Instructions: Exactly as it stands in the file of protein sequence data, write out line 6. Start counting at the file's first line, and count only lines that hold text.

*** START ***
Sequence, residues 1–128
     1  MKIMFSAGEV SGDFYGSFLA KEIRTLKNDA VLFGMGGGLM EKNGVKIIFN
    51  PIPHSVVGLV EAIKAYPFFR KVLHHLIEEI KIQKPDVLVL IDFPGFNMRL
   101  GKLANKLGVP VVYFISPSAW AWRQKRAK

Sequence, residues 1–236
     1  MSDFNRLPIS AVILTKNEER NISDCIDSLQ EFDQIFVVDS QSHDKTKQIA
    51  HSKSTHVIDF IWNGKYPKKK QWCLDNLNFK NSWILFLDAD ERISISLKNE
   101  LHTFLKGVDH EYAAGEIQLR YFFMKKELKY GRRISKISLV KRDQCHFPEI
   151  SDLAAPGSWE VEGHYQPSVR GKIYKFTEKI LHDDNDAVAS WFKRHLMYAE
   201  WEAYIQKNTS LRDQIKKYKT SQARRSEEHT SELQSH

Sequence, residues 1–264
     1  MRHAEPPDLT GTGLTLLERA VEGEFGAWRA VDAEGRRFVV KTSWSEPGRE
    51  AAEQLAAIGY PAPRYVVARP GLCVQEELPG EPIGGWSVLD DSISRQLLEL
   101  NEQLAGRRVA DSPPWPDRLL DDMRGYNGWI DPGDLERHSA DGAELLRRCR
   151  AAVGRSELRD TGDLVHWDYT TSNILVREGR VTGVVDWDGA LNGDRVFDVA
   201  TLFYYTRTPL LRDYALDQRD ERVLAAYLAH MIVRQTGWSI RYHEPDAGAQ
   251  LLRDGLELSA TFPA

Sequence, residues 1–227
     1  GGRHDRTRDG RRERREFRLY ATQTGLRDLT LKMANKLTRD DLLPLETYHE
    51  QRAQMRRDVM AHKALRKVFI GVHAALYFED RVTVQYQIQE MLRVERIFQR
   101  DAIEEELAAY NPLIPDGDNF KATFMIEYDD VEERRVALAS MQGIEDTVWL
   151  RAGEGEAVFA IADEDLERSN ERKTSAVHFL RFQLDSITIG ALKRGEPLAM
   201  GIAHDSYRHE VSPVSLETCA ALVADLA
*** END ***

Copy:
     1  MSDFNRLPIS AVILTKNEER NISDCIDSLQ EFDQIFVVDS QSHDKTKQIA